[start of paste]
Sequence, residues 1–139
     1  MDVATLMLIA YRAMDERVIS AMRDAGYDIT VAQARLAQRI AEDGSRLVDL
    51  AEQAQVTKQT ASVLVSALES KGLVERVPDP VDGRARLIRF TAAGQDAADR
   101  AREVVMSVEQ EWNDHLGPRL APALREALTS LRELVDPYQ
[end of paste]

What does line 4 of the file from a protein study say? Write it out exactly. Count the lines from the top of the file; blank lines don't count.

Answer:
   101  AREVVMSVEQ EWNDHLGPRL APALREALTS LRELVDPYQ